Review of Walk-With-Care: An education and advocacy program for older pedestrians

Monash University Accident Research Centre - Report #109 - 1997

Authors: S. Kent & B. Fildes

Full report in .pdf format [560KB]

Abstract:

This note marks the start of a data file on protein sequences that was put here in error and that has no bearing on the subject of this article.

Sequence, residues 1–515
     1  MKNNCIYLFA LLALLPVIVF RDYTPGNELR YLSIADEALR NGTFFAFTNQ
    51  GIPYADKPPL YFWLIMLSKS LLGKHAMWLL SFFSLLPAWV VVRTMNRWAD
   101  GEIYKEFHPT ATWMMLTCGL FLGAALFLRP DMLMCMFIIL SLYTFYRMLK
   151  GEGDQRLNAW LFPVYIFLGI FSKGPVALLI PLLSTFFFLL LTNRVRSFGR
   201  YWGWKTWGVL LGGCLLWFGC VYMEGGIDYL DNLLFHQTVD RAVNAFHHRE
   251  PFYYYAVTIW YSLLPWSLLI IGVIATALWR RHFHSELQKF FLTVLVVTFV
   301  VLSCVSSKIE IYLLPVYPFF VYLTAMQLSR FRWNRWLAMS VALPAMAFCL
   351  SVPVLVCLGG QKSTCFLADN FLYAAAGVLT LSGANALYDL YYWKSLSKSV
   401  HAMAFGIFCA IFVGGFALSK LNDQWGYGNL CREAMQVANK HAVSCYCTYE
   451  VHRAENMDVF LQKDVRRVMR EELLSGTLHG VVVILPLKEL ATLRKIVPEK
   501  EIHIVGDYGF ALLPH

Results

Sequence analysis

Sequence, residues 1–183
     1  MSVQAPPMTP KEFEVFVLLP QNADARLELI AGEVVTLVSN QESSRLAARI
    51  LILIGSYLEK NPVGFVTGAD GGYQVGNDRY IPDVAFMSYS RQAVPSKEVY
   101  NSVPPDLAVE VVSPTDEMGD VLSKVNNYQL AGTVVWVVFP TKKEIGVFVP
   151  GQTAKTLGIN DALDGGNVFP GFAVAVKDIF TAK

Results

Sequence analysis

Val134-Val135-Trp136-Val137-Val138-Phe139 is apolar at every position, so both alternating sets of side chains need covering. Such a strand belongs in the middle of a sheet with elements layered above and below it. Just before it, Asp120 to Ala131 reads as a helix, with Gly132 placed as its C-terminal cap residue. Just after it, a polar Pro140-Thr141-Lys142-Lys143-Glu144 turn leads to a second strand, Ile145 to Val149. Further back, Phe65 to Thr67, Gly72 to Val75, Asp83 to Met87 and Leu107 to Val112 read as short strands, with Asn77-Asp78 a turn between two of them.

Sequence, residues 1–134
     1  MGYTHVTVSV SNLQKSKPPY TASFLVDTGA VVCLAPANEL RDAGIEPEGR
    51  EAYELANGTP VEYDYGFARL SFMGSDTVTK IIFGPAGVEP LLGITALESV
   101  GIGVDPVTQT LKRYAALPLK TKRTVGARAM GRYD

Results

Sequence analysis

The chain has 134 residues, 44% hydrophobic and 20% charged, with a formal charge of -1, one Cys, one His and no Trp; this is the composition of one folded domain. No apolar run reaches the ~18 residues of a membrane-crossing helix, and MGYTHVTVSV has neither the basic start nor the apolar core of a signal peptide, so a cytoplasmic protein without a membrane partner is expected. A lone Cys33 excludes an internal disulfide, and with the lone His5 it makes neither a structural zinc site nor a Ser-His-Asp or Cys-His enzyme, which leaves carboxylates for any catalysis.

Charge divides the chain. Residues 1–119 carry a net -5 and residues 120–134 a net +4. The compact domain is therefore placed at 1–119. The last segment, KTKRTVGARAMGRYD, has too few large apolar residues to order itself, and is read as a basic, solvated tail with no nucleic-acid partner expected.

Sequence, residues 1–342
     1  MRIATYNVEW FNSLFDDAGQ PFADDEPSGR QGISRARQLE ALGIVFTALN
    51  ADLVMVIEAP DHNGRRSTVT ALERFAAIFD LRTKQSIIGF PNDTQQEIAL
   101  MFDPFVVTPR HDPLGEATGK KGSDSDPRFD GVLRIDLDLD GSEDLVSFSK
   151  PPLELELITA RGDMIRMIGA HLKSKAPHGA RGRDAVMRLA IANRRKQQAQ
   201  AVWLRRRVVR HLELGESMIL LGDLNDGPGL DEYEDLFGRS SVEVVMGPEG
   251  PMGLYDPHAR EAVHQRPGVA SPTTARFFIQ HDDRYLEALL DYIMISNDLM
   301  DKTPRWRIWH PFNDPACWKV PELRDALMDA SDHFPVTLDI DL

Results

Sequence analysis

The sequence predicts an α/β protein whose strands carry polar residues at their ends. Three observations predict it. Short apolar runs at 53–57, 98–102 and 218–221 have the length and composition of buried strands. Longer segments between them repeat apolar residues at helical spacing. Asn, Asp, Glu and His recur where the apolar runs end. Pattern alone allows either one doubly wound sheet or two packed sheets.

Walk-With-Care is a VicRoads initiative developed between 1990-92 to identify and reduce the dangers to older pedestrians through a combination of educational and engineering countermeasures. The program has relied on strong local government involvement and targeted municipalities with a high incidence of older pedestrian accidents. It was timely to review the administrative structure and the content and format of the educational sessions, given recent changes within the authority and local government. The review process comprised the examination of the available literature on older pedestrian safety, attendance at one of the educational sessions and extensive discussions with Walk-With-Care administrators, experts in the field of disability studies, and a road safety educational consultant. The review highlighted a number of problems with the way the program is currently staffed and implemented and barriers to achieving the objectives of the educational sessions. It also identified new messages for inclusion in the program and simpler and more effective ways to convey the existing ones. Recommendations include changes in staffing, implementation, promotion, resources, messages, format and evaluation. The basic thrusts of the changes proposed will ensure that the program reflects current road crash statistics and research, that the issue of older pedestrian safety is raised to a higher level in the community consciousness, and that the program is implemented with maximum efficiency, accountability and quality control.